However, the decline is continuing.

A report issued by Queen's University Belfast in May 2011 reviewed the progress of the restoration plan including the mapping of sites where Modiolus modiolus is present, both damaged and pristine. This report found a continuing decline in this vital habitat and recommended immediate action for total protection of the remaining reefs; protected areas much larger than the two Fishing Exclusion Zones which were legislated for by DARD in March 2011.

It must be remembered that the damage that can be caused is not only about the physical impact of using pots in the horse mussel beds, but the removal of species (e.g. lobsters) from the ecosystem which can have similarly devasting effects.

  • DOE has responded by stating their intention to introduce bye-laws to provide permits for activities for which they have responsibility, such as diving and anchoring. It is thought these will have limited impact upon existing recreational activity in the recommended non disturbance zone.
  • DARD has so far made no commitment to increase the area protected to match the extent of the recommended non disturbance zone, or Fishing Exclusion Zone.
  • A 'code of conduct' for pot fishing has been drafted, but has not yet been formally implemented as proposed in the original restoration plan.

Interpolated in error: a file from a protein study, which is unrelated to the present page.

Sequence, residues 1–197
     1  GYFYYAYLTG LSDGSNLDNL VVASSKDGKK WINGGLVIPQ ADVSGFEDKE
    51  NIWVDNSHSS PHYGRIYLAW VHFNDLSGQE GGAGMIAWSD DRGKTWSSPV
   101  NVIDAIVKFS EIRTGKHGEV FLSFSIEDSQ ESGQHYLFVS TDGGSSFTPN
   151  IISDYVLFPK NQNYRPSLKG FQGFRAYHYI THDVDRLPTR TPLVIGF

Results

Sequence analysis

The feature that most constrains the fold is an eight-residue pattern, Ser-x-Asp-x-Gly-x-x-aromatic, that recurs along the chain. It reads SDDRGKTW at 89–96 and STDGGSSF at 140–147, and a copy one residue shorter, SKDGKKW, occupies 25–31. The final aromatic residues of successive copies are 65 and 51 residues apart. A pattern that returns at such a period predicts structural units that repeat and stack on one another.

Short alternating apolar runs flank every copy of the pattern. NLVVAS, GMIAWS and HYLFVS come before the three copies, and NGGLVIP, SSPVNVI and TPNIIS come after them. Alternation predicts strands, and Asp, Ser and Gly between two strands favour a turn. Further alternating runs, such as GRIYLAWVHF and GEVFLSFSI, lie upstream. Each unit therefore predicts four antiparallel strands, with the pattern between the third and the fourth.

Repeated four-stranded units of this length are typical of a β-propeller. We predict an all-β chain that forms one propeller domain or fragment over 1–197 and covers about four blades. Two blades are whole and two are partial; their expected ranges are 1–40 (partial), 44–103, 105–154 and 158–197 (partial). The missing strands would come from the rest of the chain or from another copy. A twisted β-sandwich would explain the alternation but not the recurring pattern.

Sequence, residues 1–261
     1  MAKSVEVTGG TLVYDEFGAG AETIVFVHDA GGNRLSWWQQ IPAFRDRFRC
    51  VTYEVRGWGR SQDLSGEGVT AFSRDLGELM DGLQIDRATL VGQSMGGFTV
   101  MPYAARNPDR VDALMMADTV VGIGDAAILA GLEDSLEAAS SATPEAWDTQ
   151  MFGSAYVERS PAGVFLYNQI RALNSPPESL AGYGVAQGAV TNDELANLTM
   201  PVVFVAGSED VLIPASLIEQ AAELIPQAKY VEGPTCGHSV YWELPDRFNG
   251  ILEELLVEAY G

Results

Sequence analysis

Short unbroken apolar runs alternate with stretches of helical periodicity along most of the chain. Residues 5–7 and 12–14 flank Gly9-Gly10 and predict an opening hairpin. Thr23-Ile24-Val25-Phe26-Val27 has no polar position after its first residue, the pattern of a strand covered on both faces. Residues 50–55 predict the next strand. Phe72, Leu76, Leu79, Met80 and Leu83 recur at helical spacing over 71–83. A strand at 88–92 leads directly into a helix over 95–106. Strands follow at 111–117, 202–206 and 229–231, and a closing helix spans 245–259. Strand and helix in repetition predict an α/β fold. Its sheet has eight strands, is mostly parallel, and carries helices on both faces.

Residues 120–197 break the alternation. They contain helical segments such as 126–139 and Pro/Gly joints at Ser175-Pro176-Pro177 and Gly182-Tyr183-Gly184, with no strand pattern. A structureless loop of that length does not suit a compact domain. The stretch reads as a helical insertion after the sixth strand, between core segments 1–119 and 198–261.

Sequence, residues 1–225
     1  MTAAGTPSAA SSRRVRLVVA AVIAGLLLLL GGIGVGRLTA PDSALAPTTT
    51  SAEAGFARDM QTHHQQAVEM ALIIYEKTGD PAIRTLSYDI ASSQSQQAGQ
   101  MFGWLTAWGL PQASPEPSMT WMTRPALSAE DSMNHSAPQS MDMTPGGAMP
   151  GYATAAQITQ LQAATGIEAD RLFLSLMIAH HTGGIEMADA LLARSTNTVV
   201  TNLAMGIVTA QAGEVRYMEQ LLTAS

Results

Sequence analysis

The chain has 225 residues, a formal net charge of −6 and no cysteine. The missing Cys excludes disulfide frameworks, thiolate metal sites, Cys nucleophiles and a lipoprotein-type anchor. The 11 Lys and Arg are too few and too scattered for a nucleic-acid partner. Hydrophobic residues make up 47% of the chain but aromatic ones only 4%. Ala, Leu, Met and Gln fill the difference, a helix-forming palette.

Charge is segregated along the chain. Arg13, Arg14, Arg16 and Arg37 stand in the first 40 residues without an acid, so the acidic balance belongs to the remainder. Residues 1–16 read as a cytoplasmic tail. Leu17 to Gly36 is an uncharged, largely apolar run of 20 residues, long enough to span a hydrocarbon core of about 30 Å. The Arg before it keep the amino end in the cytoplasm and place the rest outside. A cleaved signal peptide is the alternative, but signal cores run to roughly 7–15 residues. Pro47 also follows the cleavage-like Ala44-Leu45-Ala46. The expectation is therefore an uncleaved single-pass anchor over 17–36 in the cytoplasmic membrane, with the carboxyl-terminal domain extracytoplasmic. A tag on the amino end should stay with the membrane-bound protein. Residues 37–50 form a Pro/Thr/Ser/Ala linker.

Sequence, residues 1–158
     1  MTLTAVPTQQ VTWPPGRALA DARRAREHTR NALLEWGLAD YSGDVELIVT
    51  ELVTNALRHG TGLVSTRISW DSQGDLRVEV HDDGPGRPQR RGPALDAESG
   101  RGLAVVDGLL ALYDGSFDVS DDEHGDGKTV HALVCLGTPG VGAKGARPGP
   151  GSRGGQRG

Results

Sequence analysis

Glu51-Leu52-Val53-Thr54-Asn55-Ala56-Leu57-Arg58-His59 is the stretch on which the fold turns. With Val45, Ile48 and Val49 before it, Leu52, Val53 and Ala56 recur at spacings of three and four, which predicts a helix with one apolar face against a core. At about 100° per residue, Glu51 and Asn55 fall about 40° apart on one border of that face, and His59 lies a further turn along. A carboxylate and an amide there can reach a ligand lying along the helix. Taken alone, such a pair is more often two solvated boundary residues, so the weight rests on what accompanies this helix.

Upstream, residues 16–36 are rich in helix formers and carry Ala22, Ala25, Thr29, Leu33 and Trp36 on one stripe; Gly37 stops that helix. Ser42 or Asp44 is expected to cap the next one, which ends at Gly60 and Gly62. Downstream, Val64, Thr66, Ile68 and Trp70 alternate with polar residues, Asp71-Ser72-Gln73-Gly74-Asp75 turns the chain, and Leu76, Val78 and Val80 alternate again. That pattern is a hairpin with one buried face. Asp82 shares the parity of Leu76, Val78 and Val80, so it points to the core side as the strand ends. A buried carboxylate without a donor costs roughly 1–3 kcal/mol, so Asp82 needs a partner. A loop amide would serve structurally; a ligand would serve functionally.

Read More: Ulster Wildlife Briefing 'Horse Mussels & Strangford Lough': January 2012.

Read More: Modiolus Restoration Research Project. Final Report & Recommendations. QUB 2011

About: Modiolus

The horse mussel Modiolus modiolus forms the bedrock of one of the most diverse marine ecosytems in Europe - Strangford Lough. The horse mussel communities are one of the key features for which the site has been given protected status.

The horse mussel:

  • forms dense beds or reefs which support a diverse variety of life such as sponges, soft corals, anemones, brittlestars, urchins, starfish, barnacles, and commercial fish speices such as lobsters, crabs, spider crabs, whelks, scallops, oysters and fish.
  • is the largest European mussel, size ranges from 35 to 200mm, and although edible, is not generally eaten due to the taste!
  • lives on a variety of seabed substrates including bedrock, gravel, sand and mud.
  • is a long-lived species, many of the larger mussels in Strangford Lough are well over 20 years of age. It is likely the horse mussel can live as long as 70 years.
  • provides important 'ecosystem services' by its high filtration capacity - 1 mussel filters about 1liltre of water per hour while 1000 mussels can filter about 24 tonnes of water per day.
  • is a priority species in Northern Ireland which requires conservation action because of its rapid decline, scarcity and importance.

Interview with Eamonn Mailie about the Strangford Lough Campaign.

Listen to political editor and author, Eamonn Mailie interviewing Ulster Wildlife CEO, Heather Thompson and Ulster Wildlife Strategic Director, Victoria Magreehan about the Strangford Lough Campaign (Jan 2012).

Interview courtesy of Eamonn Mailie.

Srangford Lough mussel fish in danger (mp3)

Further information:

Updates regarding our current course of action will appear on this webpage -

If you would like further information about Ulster Wildlife's action to protect Modiolus at Strangford Lough, contact us.